Tooth Sensitivity Or Pain After A Filling: Is It Normal?

Dentist and patient

The goal of getting a filling done is to correct tooth decay or cavities and ease any discomfort they might cause. So why do some people experience tooth pain after a filling? There are a variety of reasons why you might feel a bit of pain or sensitivity after a dentist fills your tooth. In some cases, the discomfort is simply a reaction to the process of repairing the tooth. In other instances, you might feel some discomfort because the filling itself needs to be adjusted. Alternatively, the tooth pulp could be inflamed due to the depth of the initial cavity and some infection of the pulp. Fortunately, there are some things you can do to deal with tooth pain after a filling.

Reasons for Sensitivity or Pain After a Filling

It is fairly common for you to have some pain or sensitivity in the treated tooth after a filling. Usually, any discomfort should fade after a day or two.

If you're still having sensitivity and pain several days after your filling, it may be due to an issue with the filling itself or with the tooth. One common reason for pain in a tooth after you get a filling is that the filling isn't positioned quite right, and it's interfering with your bite. A filling that is too high can cause pressure on the filled tooth and a misalignment of your bite, which prevents the teeth from fitting together properly when you bite down.

It is also common to feel pain in the teeth surrounding the affected one, according to Healthline. This is due to a phenomenon called referred pain, which involves feeling pain in an area other than the source of the pain.

What to Do About the Pain

What if it's been a week since your filling and you're still feeling pain? The best thing to do is schedule an appointment with your dental professional as soon as possible. He or she will be able to pinpoint and correct the issue.

If it's a matter of a filling that is too high, the dentist will adjust the height of your filling so that you can bite down with comfort and ease. If you're dealing with sensitivity due to a composite filling, the dentist might recommend replacing the filling with a different material. Finally, if an infected pulp is behind your discomfort, your options might be to have a root canal treatment or for the dentist to remove the tooth and replace it with an implant or bridge.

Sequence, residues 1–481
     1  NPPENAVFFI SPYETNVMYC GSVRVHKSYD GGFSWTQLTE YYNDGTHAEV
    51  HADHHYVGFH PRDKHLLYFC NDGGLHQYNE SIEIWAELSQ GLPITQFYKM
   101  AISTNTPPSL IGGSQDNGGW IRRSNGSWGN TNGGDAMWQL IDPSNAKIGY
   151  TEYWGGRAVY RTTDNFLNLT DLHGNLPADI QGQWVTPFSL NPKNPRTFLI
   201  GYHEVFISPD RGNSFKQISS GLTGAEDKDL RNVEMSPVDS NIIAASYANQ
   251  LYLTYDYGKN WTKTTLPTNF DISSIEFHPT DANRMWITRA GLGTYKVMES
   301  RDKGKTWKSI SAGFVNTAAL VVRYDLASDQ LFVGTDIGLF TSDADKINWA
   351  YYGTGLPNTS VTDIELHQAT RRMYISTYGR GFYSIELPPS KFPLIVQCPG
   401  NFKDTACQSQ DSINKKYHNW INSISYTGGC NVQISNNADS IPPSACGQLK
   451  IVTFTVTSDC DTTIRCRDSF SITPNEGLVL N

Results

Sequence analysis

If you want to avoid cavities in the first place, establish a great oral care routine at home. Brushing twice a day will strengthen your teeth and help prevent cavities. Flossing daily will also remove plaque and will help to keep your gums healthy. Regular dental visits are important too, for spotting any problems before you need major treatment.

This article is intended to promote understanding of and knowledge about general oral health topics. It is not intended to be a substitute for professional advice, diagnosis or treatment. Always seek the advice of your dentist or other qualified healthcare provider with any questions you may have regarding a medical condition or treatment.

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TOOTH SENSITIVITY

Definition

Tooth sensitivity — also known as dentine hypersensitivity — affects the tooth via exposed root surfaces. This occurs when the enamel that protects the teeth wears away, or when gum recession occurs, exposing the underlying surface, the dentine, thus, reducing the protection the enamel and gums provide to the tooth and root.

Signs & Symptoms

If hot, cold, sweet or very acidic foods and drinks, breathing in cold air, or touching the affected surface makes your teeth or a tooth sensitive, then you may have dentine hypersensitivity. Tooth sensitivity can come and go over time.

Cause

There are many causes of tooth sensitivity, including:

  • Worn tooth enamel from using a hard toothbrush or brushing too aggressively

  • Tooth erosion due to highly acidic foods and beverages

  • Tooth erosion due to bulimia or gastroesophageal reflux disease (GORD)

  • Gum recession that leaves your root surface exposed

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